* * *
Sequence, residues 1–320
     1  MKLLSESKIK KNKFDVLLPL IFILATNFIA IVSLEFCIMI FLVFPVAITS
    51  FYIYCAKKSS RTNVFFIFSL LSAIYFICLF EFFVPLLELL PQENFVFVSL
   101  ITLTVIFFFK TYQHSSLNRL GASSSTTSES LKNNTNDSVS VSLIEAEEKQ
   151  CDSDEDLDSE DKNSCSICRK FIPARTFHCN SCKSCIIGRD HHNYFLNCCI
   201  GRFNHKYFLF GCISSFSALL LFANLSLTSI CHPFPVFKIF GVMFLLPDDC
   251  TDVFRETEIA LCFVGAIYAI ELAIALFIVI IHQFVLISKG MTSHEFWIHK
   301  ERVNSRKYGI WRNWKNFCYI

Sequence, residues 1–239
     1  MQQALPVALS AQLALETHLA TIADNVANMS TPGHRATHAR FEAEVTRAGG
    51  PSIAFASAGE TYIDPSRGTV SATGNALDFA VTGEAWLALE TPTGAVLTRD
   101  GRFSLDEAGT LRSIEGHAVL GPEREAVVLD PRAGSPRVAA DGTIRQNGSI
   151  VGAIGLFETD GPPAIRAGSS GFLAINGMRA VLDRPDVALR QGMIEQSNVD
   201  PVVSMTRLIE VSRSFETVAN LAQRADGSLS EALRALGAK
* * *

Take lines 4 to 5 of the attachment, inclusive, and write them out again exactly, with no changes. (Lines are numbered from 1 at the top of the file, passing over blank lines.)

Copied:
   101  ITLTVIFFFK TYQHSSLNRL GASSSTTSES LKNNTNDSVS VSLIEAEEKQ
   151  CDSDEDLDSE DKNSCSICRK FIPARTFHCN SCKSCIIGRD HHNYFLNCCI